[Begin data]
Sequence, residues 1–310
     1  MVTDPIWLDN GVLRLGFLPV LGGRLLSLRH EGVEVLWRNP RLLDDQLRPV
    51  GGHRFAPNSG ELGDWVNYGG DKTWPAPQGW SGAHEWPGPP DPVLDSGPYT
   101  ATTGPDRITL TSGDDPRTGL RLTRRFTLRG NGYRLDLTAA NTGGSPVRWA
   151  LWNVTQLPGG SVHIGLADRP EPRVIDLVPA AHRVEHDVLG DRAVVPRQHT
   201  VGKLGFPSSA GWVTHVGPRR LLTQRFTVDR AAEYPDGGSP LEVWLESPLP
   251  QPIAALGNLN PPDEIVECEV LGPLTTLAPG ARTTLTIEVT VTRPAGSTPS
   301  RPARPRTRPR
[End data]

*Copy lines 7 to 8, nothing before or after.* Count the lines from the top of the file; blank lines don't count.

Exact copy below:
   251  QPIAALGNLN PPDEIVECEV LGPLTTLAPG ARTTLTIEVT VTRPAGSTPS
   301  RPARPRTRPR